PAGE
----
What's the best way to move a washer and dryer?

Answered by Jeffrey Anderson ~ December 22, 2014 ~ No Comments » | Respond to this question

If I wanted to relocate my washer and dryer to a newly constructed out building to save a little room in my house, how would I handle the drainage? Also, if I created a rain garden next to the out building, can I drain it into the rain garden?

Jeffrey Anderson

John, the first thing I would ask is where you do you live? If it's a locale where the temperatures can dip below freezing in the winter, then the first concern would be with the water supply lines freezing before drainage would ever become an issue. In most areas where the temperatures drop that far, outside water lines are drained for the winter. A supply line buried deep enough might be okay, but once it reaches your outbuilding, there will need to be heat inside to keep the water from freezing. There should also be insulation in the building to prevent the heat from leaving.

However, you may live far enough south that freezing isn't an issue. If that is the case, then depending on your local health department, you may be able to use the water that drains from your washer for your rain garden. Water that drains from sinks, tubs, showers, and washing machines is classified as "grey water" that some jurisdictions allow to be used for irrigation purposes. If you are on a septic field, your health department can also tell you how best to drain the washer into it along with the rest of the excess water from your home. You will almost surely need to get an excavation contractor involved in the project.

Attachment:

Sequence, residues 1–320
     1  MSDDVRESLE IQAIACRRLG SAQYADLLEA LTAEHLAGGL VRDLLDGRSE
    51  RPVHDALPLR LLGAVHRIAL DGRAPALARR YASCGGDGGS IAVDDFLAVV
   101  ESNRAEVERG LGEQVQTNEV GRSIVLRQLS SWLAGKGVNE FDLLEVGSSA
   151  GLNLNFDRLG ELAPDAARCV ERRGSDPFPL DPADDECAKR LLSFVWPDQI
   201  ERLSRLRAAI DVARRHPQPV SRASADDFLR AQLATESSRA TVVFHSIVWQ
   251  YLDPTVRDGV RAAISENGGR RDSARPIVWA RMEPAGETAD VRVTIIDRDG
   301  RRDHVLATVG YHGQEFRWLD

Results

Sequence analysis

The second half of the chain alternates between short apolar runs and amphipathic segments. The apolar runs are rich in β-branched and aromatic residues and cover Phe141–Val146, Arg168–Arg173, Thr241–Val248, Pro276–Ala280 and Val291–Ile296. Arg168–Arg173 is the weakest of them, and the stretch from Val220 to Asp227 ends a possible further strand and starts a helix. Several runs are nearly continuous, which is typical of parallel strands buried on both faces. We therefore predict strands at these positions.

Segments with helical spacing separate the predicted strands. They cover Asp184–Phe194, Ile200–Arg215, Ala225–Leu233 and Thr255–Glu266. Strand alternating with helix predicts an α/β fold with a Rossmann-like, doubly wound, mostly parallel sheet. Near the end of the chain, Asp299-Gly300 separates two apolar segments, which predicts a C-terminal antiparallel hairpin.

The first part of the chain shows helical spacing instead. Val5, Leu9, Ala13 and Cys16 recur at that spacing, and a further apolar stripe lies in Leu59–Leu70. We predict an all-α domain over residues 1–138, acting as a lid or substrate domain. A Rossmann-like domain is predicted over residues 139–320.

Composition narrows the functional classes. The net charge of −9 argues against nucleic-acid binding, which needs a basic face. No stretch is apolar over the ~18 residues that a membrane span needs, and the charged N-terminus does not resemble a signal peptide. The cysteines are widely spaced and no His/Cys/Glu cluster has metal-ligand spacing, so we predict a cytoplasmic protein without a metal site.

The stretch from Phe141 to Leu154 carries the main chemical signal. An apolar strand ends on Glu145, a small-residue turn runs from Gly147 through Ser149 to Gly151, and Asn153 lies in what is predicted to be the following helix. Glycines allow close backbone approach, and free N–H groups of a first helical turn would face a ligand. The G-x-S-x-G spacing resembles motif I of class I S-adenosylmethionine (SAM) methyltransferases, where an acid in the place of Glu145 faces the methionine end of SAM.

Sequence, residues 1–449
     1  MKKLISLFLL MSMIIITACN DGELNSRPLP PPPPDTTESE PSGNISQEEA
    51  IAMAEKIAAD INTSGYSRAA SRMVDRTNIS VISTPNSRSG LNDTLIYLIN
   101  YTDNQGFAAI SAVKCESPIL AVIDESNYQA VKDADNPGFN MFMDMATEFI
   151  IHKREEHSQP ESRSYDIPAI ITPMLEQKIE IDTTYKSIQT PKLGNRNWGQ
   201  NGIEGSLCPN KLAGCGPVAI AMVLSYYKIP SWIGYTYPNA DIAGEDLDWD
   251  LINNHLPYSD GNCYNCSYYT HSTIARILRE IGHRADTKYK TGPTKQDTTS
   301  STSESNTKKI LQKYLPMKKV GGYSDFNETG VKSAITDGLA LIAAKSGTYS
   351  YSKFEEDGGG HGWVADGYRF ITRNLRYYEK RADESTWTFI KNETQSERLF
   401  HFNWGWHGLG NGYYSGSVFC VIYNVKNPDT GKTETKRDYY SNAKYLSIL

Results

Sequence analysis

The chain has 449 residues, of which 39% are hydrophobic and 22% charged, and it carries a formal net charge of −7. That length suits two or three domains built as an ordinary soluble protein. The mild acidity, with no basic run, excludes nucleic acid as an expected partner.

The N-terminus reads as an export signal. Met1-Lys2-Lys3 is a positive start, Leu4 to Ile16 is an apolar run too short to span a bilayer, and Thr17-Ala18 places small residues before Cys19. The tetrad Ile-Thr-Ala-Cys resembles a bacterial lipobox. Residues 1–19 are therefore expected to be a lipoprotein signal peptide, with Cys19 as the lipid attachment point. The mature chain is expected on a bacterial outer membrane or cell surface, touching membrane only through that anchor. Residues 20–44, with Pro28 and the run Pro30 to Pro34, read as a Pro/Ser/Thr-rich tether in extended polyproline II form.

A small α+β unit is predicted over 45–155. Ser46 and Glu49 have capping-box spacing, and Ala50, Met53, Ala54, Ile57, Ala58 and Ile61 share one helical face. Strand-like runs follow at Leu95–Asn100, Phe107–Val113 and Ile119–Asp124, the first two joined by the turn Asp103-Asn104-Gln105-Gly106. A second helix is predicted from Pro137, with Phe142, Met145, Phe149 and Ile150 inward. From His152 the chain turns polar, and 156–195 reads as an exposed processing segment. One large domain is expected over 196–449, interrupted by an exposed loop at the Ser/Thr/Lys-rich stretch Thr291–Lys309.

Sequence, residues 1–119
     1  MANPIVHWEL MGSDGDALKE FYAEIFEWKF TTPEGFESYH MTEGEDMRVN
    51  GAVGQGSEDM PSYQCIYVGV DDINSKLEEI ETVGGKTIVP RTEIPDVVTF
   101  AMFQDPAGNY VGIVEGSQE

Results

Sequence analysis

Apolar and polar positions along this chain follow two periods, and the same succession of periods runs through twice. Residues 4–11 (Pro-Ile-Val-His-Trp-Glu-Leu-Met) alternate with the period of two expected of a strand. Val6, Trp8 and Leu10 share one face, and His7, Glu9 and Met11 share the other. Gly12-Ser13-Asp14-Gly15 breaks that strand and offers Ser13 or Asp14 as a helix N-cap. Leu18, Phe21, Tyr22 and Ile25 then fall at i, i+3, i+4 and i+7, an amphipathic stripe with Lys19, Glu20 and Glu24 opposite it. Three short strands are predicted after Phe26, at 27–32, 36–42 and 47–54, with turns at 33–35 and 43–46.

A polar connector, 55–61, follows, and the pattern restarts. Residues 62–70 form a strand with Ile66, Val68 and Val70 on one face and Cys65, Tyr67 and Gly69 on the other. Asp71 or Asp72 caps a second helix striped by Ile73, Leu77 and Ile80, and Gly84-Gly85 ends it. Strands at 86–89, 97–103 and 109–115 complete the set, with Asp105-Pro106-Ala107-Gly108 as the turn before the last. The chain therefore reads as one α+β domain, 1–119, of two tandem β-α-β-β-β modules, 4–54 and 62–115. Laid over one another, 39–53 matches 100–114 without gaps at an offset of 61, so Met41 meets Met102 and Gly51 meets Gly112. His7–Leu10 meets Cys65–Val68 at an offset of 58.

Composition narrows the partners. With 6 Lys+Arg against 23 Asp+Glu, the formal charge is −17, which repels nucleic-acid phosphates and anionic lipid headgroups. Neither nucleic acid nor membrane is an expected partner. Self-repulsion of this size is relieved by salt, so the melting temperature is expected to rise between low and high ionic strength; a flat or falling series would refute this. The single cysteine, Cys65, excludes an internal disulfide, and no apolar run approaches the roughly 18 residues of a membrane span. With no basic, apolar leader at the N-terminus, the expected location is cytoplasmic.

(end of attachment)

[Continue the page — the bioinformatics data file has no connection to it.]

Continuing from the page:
If your home is on a municipal sewage system, things could be a bit more complicated. This would mean that the drainage from your washer would need to be tied into your home's drainage lines. The problem is that a certain amount of "fall" or slope must be on the washer drain line as gravity moves the water through the line. Depending on the out building's location, the washer line may hit your home way below its main sewer line. If the municipality allows grey water to be used for irrigation, that could be the perfect solution for the dilemma. However, if not, the best option might be to get a plumbing contractor involved in the project before getting too far along.

There are companies that specialize in grey water drainage systems. If your area permits this usage of drain water, there should be at least several of these types of contractors in your local phone book. A system can often be installed that uses valves to direct where the drainage goes. If you don't really need any water for irrigation at the moment but want to wash a load of clothes, a valve can be turned so that the drainage goes into the sewer or septic system rather than into an irrigation reservoir.

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